Salve to the re­mas­ter

One re­cent talk­ing point in the gaming com­mu­nity cen­tres on ‘re­mas­tered’ ver­sions of games taken from last-gen con­soles. In typ­i­cal fash­ion, In­ter­net com­ment sec­tions have been awash with abuse and cries of ‘Cash grab!’ How­ever, after pick­ing up Tomb Raider: De­fin­i­tive Edi­tion, I thought I would write in to ex­press my thoughts on the mat­ter.

I should make it clear from the out­set that I have never been a fan of the Tomb Raider se­ries. I played the first one many years ago, and for some rea­son it just never held any ap­peal. There­fore, when the lat­est re­boot en­try to the se­ries was re­leased, I paid it lit­tle at­ten­tion, de­spite the over­whelm­ingly pos­i­tive re­cep­tion it re­ceived – in any case, I was far too busy with univer­sity work to invest time in another game. How­ever, a rel­a­tively slow sum­mer has meant that I’ve been eat­ing through games on my Xbox One at a brisk pace, and given the pos­i­tive re­view scores of Lara’s lat­est ad­ven­ture along with the prospect of a more com­plete pack­age, I picked up a cheaper, sec­ond­hand copy and sunk my teeth in.

What a su­perb game. Crys­tal Dy­nam­ics has cer­tainly found a new fan, and I will be mo more than will­ing to part with my cash imm im­me­di­ately when the se­quel is re­leased – an out­come that would never have oc­curred we were it not for the re­mas­tered pack­age.

Mu­si­cians re­lease such pack­ages all the tim time and even though I tend to al­ready own the orig­i­nal works, I’ll buy the re­mas­tered ver ver­sions, which, nine times out of ten, sou sound bet­ter. I don’t see such re-re­leases as cash grabs, but in­stead as im­prov­ing upon ex­ist­ing works for ben­e­fit of the fans, while also bring­ing the joy of those works to a new au­di­ence.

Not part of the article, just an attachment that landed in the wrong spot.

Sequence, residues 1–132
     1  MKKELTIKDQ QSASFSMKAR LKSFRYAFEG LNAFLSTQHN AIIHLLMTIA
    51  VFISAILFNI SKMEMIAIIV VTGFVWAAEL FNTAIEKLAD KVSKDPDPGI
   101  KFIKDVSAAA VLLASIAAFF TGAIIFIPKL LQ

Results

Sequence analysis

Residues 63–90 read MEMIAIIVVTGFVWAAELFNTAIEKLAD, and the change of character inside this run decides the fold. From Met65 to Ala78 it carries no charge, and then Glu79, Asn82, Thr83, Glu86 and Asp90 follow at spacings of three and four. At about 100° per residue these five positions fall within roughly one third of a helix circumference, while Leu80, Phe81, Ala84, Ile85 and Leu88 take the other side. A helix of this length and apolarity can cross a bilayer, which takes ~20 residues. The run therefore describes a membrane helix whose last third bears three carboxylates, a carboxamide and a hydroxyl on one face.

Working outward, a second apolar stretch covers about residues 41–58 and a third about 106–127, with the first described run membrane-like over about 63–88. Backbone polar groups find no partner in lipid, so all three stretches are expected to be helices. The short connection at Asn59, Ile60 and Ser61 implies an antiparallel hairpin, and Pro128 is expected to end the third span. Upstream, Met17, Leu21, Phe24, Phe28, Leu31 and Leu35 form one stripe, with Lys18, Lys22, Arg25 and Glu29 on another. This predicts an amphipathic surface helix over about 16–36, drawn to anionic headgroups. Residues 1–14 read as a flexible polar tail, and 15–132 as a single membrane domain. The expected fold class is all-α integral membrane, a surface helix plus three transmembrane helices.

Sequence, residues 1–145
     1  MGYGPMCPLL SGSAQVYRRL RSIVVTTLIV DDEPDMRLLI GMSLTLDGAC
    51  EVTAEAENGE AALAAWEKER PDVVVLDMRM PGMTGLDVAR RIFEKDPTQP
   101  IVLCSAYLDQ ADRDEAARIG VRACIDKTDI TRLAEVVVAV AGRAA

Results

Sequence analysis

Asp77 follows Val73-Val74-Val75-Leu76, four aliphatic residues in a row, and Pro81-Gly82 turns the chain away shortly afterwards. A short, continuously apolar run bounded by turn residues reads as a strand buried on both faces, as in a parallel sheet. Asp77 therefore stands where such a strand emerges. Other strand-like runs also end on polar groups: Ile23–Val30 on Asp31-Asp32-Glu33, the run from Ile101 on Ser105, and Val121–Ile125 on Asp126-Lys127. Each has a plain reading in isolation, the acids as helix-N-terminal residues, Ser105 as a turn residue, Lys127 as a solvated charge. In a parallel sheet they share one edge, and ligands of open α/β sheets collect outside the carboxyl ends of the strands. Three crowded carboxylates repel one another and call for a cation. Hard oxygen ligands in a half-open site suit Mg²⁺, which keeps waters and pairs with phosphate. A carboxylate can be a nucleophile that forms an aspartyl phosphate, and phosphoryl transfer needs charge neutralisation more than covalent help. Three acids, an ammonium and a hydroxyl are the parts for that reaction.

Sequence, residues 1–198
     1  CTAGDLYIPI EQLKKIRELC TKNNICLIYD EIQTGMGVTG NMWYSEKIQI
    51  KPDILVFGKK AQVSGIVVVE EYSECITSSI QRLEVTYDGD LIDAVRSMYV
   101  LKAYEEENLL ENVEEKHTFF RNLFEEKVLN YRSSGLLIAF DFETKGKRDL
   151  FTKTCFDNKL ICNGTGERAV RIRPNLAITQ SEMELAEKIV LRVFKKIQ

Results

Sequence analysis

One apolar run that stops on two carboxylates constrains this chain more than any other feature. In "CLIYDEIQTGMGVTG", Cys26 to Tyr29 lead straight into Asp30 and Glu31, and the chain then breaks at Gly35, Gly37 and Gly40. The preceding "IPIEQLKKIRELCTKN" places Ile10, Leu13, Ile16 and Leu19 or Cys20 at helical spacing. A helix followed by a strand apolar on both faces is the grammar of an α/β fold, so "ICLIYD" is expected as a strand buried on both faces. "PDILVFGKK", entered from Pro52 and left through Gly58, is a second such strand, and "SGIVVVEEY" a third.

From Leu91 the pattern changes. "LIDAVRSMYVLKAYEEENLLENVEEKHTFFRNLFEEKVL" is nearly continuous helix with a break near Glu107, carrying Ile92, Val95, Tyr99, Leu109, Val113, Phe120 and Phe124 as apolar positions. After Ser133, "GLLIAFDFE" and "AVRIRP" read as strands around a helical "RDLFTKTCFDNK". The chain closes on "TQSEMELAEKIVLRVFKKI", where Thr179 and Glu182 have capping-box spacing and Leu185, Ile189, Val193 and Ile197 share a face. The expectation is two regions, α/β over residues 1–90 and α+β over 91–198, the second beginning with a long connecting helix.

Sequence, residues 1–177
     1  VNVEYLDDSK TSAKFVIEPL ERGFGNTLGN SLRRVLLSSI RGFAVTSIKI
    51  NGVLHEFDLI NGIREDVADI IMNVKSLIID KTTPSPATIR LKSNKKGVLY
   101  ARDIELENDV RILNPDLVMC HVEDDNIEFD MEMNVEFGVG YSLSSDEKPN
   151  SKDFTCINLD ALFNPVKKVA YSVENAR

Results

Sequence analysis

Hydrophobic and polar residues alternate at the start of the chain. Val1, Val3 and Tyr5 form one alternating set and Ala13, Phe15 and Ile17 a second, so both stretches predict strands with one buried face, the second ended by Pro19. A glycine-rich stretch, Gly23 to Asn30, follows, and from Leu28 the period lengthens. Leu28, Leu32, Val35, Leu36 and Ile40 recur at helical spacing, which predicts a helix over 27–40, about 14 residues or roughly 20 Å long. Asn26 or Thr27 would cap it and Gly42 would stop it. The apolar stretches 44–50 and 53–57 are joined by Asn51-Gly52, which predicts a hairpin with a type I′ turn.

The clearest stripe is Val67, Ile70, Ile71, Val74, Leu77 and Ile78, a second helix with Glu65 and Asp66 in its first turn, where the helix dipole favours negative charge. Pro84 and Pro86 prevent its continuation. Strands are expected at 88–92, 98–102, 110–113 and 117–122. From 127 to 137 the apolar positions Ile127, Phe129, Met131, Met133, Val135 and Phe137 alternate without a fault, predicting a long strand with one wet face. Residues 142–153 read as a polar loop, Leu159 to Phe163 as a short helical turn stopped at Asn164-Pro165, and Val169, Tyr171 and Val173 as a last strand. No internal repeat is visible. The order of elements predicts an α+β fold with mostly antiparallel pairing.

So, con­trary to popular opin­ion, I’d like to openly thank Crys­tal Dy­nam­ics for putting in the time and ef­fort to im­prove an al­ready stel­lar game for the ben­e­fit of those who didn’t get a chance to play it on 360/PS3, and to ex­press my op­ti­mism re­gard­ing the new Sleep­ing Dogs and Metro 2033 pack­ages. Now, where is my …And Jus­tice For All re­mas­ter? Jonathan Ben­jamin There’s a big dif­fer­ence be­tween a dig­i­tal re­mas­ter of a 40-year-old ana­logue audio record­ing and a touch-up of a game that’s not even a year old. Still, Tomb Raider and its ilk have helped fill out a quiet year on new con­sole hard­ware. And if we’re talk­ing re­mas­ter fan­tasies, we’ll have Su­per Mario

Galaxy Col­lec­tion HD, please.

“Those who don’t know the breadth of the medium aren’t go­ing to ask for a greater va­ri­ety of games”

Price down­ers

I just read the let­ter in E271 from Ad­nan in relation to the price to im­port games from other coun­tries and why pre­orders are down, and it got me think­ing. If Mi­crosoft wanted us to go all-dig­i­tal and had stuck to its guns with the orig­i­nal plans for Xbox One, then could we have been in for cheaper games? If we had the on­line check-in, then that could greatly re­duce the im­pact of piracy on the sys­tem, which would only be a good thing. How­ever, how would it have af­fected re­tail out­lets if we all started buy­ing games dig­i­tally, and should we care?

Take Di­ablo III, just re­leased on Xbox One and PS4. I checked around for the best deal and found that it’s gen­er­ally around £44.99 for a disc-based stan­dard edi­tion from re­tail­ers such as Ama­zon, Sim­ply Games and so on. I de­cided to check www. and they listed their price as £44.99. So I ven­tured into my lo­cal Game store and they have it priced up at £54.99! I can un­der­stand it be­ing a lit­tle more to cover store ex­penses, but £10 is ex­ces­sive.

Worse, the Mi­crosoft store has it for £59.99 for the dig­i­tal down­load edi­tion. The

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